Tuesday, July 22, 2014

Farewell Dave Kitson, you very strange chap

In many ways, Dave Kitson at Oxford made more sense to Dave Kitson than it did to Oxford United. Signed during the First Summer of Austerity, Kitson didn’t fit Ian Lenagan’s vision of a squad of young players with the robustness to last a whole season of League 2 action.

For Kitson, on the otherhand, there was the opportunity to add a couple of years to his dwindling career in an area close to where he lived. He was still being paid an obscene amount of money by Portsmouth although his (alleged) book suggests that, due to excessive spending and some poor financial planning, he wasn’t necessarily as cash-rich as many would have perceived. Above all, in Oxford he had an environment that, to a certain extent, meant that he could still play out his big-time footballer fantasies.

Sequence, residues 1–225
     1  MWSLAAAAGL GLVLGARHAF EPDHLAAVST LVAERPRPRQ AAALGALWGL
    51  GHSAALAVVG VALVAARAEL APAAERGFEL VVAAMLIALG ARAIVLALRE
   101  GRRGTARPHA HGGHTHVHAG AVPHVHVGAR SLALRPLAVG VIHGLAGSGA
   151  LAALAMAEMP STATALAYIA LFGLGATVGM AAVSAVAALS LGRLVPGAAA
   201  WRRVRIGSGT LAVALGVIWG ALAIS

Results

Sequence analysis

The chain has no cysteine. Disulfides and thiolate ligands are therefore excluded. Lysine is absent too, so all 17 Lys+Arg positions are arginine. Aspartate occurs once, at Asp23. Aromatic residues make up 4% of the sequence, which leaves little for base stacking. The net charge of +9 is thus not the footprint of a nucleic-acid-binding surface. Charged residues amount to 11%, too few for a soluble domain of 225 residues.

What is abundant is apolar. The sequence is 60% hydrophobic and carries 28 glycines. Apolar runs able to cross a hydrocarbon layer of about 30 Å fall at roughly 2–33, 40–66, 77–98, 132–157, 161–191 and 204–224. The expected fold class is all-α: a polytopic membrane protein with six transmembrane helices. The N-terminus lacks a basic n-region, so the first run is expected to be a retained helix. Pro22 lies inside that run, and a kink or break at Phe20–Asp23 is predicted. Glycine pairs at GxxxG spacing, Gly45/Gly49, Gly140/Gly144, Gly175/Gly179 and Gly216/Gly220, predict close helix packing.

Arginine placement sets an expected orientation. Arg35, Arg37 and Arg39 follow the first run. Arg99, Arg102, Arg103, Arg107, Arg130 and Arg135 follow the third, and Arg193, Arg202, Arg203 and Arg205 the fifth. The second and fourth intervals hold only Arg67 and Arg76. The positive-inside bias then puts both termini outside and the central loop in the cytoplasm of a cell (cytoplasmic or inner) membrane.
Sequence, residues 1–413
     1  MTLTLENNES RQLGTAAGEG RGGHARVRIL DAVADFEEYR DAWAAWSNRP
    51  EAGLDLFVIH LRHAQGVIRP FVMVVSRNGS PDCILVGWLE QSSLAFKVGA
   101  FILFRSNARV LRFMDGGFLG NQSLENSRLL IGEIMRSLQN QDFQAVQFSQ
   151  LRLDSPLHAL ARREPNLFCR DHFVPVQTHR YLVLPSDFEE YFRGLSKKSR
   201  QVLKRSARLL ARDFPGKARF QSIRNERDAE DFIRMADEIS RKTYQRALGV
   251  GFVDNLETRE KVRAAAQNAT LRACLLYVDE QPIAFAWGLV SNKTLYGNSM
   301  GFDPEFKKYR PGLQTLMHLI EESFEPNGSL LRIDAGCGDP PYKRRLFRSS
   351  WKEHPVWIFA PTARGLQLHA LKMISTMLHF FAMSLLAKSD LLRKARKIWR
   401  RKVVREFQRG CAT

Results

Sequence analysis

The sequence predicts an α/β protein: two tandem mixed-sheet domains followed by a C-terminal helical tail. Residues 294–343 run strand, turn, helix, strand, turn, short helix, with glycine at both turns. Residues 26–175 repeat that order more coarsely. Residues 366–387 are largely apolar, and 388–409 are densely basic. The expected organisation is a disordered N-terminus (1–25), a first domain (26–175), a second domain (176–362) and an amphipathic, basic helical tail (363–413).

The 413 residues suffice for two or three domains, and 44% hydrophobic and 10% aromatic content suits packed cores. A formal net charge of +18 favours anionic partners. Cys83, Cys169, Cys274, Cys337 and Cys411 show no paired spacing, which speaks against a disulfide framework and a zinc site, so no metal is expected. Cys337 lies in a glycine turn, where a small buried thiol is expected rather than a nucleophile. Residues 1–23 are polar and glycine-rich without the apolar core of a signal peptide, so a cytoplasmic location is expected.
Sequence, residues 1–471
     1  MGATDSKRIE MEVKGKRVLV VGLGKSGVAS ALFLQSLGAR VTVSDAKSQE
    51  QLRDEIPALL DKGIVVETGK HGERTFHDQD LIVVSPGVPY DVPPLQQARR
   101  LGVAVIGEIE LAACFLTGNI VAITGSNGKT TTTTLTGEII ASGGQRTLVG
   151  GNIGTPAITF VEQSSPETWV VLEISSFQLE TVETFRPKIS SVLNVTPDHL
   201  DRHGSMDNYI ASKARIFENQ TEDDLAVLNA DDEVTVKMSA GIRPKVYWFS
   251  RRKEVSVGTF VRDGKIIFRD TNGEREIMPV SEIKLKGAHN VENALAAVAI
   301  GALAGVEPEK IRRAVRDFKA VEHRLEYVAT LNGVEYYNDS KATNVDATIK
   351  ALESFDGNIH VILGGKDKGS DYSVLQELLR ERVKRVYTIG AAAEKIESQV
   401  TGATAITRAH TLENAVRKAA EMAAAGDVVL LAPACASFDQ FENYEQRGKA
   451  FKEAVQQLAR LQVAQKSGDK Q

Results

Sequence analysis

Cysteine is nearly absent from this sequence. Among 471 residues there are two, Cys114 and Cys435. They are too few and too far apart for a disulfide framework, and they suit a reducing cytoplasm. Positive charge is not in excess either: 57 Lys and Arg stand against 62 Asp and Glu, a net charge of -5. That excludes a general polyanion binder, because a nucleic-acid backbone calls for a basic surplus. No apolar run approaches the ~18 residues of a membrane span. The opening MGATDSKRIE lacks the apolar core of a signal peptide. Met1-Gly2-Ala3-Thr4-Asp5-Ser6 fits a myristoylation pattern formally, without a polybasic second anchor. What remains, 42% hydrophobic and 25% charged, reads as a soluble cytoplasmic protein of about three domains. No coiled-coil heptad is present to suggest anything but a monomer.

But, as we’ve seen time and again, when once big-time players end up at Oxford there's usually a good reason for it. The pattern; as seen with the likes of Gilchrist or Duberry, is that you typically get a good first season and a second season blighted by injury as the player finally falls apart. With Kitson, his first season was more like a second season and he didn’t even get to his second season announcing his retirement after a couple of sprints up sand dunes or whatever it is they do for pre-season nowadays.

As fleeting moments of genius go, Kitson barely registered on the Leven Scale. For a period he seemed to be the key to unlocking goals for James Constable who was his willing workhorse up front, but the odd threaded through-ball and masterful take-down aside he generally seemed to dally around the field in vague disgust at the inferiority happening around him.